If you think the CC trade was a bust, think again
The year was 2008, and with the trade deadline looming the Cleveland Indians were going nowhere fast. Facing an opportunity to deal the reigning Cy Young winner, CC Sabathia, or lose him to free agency, the Tribe agreed to a deal with the Milwaukee Brewers with the centerpiece being Matt LaPorta, who one scout described as “can’t miss.”
"He's a great kid," the scout said. "His make-up is off the charts. His plan and approach at the plate is good. It's just a matter of experience. He's got a good swing, a great approach, good discipline. Everything is right on line to be a solid contributor at the Major League level."
It seemed like a great deal for both teams at the time, with the Indians also receiving AAA pitcher Zack Jackson and hard throwing Rob Bryson, along with a player to be named later (PTBNL).
Milwaukee couldn’t complain about the results, as Sabathia was ridden like an overworked horse down the stretch, going 11-2 with a 1.65 ERA to propel the Brewers to their first playoff appearance since 1982. They lost in the first round, and, as expected, Sabathia bolted to the Yankees’ greener pastures of cash.
As for the Tribe? LaPorta never saw the success that was expected of him, as he battled injuries and inconsistency which has left him a 28-year old on the verge of becoming a journeyman role player. Jackson always was a bit of a throw-in and never had much of an impact for any team, and Bryson’s promising career as a flame throwing reliever has hit the snag of injuries as well.
So, it was a total bust for the Indians, right? They can’t ever do anything right. But wait, don’t forget the PTBNL…remember, the player to be named later.
Just as drafting one player over another can make or break a particular draft, scouting and player analysis is huge in making a proper deal as well. The CC Sabathia trade was no different.
Rumor had it that the final piece of the deal was the Brewers 2007 Minor League Player of the Year, 22-year old third base prospect Taylor Green. That would sweeten the pot a bit for the Indians, as the PTBNL was said to be the key to the deal along with LaPorta.
As it turned out, the Indians had a list of players from which to choose for the PTBNL, and whittled it down to two in Green and light-hitting outfielder Michael Brantley.
They chose Brantley.
And if you can imagine the ancient Knight in The Last Crusade speaking to Indiana Jones (Mark Shapiro) after he picked the correct cup (Brantley)…”You have chosen wisely.”
While Green has seen very small parts of two seasons with the Brewers, it has only resulted in a struggling .207 batting average and three home runs. Brantley, meanwhile, hit the ground running in 2009 with Cleveland and has been a solid contributor while showing a penchant of clutch hitting with runners on base.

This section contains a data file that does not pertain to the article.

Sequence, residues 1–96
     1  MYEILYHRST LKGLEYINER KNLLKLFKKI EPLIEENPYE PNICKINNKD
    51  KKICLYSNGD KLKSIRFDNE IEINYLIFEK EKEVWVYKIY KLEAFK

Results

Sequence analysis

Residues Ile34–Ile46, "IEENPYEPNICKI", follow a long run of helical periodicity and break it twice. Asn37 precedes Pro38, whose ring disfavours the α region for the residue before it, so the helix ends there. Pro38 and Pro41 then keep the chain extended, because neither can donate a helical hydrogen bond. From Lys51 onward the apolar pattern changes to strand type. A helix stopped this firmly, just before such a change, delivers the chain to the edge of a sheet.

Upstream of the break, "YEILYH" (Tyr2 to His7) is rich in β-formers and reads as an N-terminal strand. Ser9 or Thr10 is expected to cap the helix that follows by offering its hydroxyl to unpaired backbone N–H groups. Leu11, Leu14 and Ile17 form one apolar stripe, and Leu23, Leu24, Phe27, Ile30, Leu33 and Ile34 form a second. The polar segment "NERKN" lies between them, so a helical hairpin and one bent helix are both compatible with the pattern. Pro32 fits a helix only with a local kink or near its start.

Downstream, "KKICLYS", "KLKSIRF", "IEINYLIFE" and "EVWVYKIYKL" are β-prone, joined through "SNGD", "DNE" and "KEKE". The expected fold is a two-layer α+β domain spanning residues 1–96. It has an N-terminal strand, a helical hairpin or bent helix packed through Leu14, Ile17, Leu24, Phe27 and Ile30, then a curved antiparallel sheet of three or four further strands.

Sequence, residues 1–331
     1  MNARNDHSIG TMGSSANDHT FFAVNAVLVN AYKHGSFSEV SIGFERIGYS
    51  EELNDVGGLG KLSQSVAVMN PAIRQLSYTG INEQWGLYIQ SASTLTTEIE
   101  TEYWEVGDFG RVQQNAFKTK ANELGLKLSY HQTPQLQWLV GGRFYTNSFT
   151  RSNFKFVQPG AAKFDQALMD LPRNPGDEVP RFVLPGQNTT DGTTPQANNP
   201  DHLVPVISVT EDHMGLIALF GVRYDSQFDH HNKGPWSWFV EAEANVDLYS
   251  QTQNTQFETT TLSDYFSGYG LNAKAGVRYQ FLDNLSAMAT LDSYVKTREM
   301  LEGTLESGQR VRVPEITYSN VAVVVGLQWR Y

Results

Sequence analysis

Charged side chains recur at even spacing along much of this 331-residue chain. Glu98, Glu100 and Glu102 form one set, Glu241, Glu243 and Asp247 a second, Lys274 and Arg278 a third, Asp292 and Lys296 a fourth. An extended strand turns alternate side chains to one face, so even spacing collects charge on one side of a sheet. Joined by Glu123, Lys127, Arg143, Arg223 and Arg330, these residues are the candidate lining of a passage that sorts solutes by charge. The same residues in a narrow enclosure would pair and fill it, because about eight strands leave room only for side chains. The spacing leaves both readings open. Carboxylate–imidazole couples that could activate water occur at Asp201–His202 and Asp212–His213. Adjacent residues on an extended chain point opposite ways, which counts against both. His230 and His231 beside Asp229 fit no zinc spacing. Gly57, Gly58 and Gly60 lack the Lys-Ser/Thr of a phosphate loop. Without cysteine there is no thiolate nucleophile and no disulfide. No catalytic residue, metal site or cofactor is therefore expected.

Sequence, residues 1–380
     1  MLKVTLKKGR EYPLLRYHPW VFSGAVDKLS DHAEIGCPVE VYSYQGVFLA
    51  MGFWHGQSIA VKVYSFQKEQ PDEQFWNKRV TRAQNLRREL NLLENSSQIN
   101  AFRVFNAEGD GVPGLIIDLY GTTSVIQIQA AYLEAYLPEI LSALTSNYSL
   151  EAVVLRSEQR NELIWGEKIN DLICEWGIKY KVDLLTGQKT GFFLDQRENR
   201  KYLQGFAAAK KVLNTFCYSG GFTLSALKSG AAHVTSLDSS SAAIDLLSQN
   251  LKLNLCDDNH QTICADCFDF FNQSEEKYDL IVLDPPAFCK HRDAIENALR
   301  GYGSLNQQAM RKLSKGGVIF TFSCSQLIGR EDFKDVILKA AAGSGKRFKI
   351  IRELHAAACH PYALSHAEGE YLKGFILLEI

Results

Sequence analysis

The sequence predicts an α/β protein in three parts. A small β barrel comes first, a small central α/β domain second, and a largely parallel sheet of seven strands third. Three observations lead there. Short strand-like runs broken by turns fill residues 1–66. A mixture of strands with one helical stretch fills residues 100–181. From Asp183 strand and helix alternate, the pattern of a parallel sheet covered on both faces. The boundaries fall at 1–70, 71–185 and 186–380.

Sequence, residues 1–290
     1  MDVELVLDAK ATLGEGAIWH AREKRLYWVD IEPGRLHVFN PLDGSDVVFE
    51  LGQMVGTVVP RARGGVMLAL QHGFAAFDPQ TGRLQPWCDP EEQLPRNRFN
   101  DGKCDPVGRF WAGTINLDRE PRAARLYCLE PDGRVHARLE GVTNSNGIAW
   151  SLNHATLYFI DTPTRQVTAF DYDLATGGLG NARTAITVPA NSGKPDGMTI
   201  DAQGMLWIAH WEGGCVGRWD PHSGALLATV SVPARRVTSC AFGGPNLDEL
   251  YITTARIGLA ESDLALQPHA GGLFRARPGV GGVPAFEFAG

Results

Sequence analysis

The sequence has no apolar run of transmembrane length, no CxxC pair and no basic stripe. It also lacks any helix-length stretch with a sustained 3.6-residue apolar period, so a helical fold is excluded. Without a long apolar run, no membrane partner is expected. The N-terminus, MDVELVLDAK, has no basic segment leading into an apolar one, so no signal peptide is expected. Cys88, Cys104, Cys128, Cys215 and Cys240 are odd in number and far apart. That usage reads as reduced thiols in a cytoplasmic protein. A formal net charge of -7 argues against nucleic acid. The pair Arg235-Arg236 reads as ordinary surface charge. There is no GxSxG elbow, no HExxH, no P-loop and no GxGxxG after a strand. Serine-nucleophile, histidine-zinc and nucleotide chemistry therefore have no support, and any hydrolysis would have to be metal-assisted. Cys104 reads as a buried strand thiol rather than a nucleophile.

Initially sought for his keen eye at the plate that resulted in getting on base frequently, coupled with great speed once he got there, Brantley was thought of as a potential lead-off hitter of the future once Grady Sizemore was moved into more of a run-producing role.
As it turned out, Brantley has become a potential threat to drive in runs as well, as his frame has filled out and slid into the middle of the Indians’ order quite nicely.
So three seasons later Brantley has quietly done whatever has been asked of him and done it well, all at a very young age. He will turn 26 in May (nine months younger than Green), and is one of the core players the Indians are looking at to extend into their free agent years.Coming off of a strong 2012 campaign, he seems on the cusp of a major breakout season.
Complain if you must when the Indians fail to make the correct decision in every deal they do or do not make. But you have to realize that rolling the dice on the unknown future of minor leaguers in their teens or early twenties is a gamble no matter what side of the table you are on. Sometimes you win, sometimes you lose, but the house (every team other than yours) always comes out ahead. But that’s because the house is comprised of 27 teams and you have only one.
As for the CC Sabathia trade, as in any other, time has a way of providing clarity. Players move from one team to another, become free agents, superstars and busts -- the process all seems very fluid. And as Indiana Jones figured out, the cornerstone of a deal that has the glow of a golden chalice may seem to have more value than it actually does, while a lesser piece may become like the priceless cup of a Carpenter.
Would you take Michael Brantley for three months of CC Sabathia? I would.
The Red Sox 2,3,5 and 9 ranked top prospects this season were all 2011 compensation picks, and Bradley is their opening day LF
I will give you Matt Albers and maybe even part of Bryan Shaw.
So, Lee for CC, Marson and Albers.
You never know. If they let Shapiro trade Albers to the Mariners maybe he can even out the deal.
I thought this was a really good read and I agree Brantley is a very good player. BUT, to try and act like Jason Donald was an important part of getting Trevor Bauer is kinda silly. I mean sure he played a very small part but the deal would have been made with or without him so I don't really think you can't all of a sudden add Bauer as an offshoot of the Lee trade.